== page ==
Cam site Camsoda wanted to try out some new underwater livestreaming technology, so it decided to put model Molly Cavalli into a shark cage amid heavily chummed waters off the coast of Florida. What could possibly go wrong? Well, she could be attacked by a shark and left with 20 stitches, which is exactly what happened, according to Camsoda.
“We were testing new technology, so why not do it with a beautiful girl, live sharks, chum the water,” said vice president Darren Press in an interview with Vocativ. “We’re told it’s safe, we think it’s safe.” But, he added, “It took a turn for the worse, and that’s regrettable.”
Camsoda has edited a video of the alleged incident, using footage captured by handheld cameras outside of the shark cage, as well as by a GoPro inside the cage using the custom mobile hardware they wanted to test. Cavalli, clad in a revealing white swimsuit branded with the Camsoda logo, is shown donning a snorkel and flippers and climbing into the cage. The Camsoda team was already recording and about to begin livestreaming when things went south.
The boat’s crew had heavily chummed the waters, according to Cavalli, and the sharks were “going crazy” and repeatedly bumping into her producer, who was outside of the cage. Just as she started to panic, she says she was bit — either because the shark or her foot had slipped through the bars of the cage. Before getting in the water, Cavalli says she had noticed that the bars on the cage were widely spaced. “I wasn’t really comfortable with that,” she said. “But we put a lot into making sure this day happened, and I wasn’t going to back out at that point.”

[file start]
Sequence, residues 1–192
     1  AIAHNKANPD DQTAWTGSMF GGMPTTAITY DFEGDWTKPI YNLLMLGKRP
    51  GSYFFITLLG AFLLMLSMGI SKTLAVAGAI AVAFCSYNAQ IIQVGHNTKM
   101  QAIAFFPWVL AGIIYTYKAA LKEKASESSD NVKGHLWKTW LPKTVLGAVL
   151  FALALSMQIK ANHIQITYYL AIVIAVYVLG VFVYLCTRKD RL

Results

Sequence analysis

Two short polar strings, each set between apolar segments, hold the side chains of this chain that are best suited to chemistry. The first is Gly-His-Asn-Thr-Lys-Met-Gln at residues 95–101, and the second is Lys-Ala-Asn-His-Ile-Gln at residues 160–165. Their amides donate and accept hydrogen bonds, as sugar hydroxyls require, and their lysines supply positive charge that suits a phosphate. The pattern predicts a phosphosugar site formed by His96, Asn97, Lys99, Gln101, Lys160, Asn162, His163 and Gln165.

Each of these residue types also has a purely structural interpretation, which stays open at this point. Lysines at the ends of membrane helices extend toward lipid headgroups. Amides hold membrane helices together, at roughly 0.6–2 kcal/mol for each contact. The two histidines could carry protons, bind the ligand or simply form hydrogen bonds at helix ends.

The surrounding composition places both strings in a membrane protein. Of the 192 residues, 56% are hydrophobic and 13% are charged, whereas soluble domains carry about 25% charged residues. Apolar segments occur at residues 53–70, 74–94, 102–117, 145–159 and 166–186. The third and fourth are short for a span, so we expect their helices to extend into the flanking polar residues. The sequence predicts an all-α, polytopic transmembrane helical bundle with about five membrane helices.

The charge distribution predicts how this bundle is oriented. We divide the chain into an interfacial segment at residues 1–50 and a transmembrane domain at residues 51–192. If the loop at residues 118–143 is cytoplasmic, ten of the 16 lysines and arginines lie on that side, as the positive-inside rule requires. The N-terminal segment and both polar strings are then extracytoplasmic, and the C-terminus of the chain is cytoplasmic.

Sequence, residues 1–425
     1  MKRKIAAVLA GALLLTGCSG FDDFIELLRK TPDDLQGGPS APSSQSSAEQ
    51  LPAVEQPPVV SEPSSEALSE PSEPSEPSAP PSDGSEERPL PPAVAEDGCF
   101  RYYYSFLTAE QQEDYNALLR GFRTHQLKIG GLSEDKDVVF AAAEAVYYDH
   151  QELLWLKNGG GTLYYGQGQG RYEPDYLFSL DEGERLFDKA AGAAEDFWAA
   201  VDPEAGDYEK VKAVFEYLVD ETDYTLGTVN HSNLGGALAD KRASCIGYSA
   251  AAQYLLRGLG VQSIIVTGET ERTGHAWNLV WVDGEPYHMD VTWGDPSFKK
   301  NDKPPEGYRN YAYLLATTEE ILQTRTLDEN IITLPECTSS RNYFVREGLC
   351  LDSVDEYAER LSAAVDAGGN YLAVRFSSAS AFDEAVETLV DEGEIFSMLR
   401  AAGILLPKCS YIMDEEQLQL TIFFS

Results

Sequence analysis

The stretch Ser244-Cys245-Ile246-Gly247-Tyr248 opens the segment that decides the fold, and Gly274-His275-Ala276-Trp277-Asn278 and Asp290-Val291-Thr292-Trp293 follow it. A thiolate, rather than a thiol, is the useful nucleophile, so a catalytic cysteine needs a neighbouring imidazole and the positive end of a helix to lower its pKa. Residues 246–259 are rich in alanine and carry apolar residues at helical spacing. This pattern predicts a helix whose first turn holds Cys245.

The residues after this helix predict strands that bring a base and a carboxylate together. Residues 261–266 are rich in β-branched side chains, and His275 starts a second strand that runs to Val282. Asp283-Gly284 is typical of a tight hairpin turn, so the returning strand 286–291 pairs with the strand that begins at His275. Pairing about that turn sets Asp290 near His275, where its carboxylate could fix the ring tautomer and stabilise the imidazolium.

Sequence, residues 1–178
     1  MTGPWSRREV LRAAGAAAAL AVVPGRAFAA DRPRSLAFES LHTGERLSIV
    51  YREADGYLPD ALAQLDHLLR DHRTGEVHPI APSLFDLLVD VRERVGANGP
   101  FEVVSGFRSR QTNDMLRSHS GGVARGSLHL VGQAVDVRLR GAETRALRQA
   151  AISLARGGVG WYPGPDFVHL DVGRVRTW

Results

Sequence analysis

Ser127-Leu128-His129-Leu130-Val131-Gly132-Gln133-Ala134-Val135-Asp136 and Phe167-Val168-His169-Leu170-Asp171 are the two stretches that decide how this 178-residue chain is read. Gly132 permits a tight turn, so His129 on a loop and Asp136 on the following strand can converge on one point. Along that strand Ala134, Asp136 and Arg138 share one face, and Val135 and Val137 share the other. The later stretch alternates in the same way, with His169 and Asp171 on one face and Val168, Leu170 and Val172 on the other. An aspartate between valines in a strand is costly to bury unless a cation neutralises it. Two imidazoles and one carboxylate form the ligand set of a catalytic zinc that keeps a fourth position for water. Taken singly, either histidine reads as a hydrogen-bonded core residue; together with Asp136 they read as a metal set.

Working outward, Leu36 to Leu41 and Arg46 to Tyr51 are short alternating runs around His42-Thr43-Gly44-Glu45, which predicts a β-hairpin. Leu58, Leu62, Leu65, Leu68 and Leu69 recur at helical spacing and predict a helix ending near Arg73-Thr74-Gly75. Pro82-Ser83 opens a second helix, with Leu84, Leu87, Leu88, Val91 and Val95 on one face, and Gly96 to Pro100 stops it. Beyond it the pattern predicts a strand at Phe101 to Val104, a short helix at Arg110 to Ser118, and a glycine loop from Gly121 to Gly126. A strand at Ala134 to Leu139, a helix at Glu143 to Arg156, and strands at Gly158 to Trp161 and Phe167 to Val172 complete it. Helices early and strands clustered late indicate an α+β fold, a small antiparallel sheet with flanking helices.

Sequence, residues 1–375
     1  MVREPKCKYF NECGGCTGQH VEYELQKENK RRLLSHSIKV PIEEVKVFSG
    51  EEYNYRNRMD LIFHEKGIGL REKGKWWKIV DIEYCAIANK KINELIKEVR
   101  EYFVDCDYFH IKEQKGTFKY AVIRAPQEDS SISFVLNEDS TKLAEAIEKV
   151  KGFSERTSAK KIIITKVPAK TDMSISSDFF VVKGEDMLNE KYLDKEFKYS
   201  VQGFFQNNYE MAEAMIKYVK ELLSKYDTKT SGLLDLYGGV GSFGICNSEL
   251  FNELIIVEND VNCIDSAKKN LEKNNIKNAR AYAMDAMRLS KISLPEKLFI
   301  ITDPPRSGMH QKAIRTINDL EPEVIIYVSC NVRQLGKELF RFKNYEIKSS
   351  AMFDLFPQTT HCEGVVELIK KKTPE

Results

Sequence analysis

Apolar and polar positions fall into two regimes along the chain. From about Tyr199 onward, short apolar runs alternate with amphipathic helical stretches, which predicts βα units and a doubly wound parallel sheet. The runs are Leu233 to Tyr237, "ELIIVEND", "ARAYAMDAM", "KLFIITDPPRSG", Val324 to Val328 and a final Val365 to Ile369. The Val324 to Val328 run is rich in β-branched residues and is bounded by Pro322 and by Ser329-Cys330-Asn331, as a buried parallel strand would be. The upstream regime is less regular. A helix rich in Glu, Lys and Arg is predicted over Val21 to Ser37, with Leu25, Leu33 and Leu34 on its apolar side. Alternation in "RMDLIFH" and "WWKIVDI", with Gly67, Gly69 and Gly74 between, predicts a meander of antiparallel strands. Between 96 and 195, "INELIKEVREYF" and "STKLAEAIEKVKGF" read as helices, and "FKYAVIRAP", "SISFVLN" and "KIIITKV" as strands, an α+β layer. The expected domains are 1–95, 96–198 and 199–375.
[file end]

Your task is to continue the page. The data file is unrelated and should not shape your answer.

Footage from the GoPro shows Cavalli suddenly recoil and reach toward her foot as blood clouds the water. But the alleged bite itself was not captured on camera.
The video then shows Cavalli surfacing above the water with a gasp, as a crew member asks, “Is she alright?” She screams and cries as she’s pulled out of the water, blood dripping from her ankle and onto the boat deck. Someone exclaims “Fuck!” as the wound is rinsed and the extent of the gash is revealed. The camera provides a closeup amid her sobs.
Cavalli says she was rushed to the hospital, where she received 20 stitches — and Camsoda will be covering her medical costs, according to Press.
There is plenty about this story that seems, well, fishy. First, the bite is not shown in Camsoda’s video, despite the presence of multiple underwater cameras. Press, who insists the attack was real, says the cameras weren’t focused on her feet. “Molly’s got some amazing attributes, and her feet are awesome, but that’s not the number one thing you’re going to film,” he said. “We weren’t planning on her getting bit, either.” Second, Camsoda has not attempted to conceal what should be an embarrassing case of an employee being seriously harmed on the job. Instead, the site has actively promoted the incident by editing together the aforementioned video and publishing a blog post all about it.
Press admits that “it was our fault planning it and maybe a little risky,” but he adds, “accidents happen.” There’s a chance, though, that they will do it again. “Next time we do something like this,” he said, “we’ll be a lot more cautious.”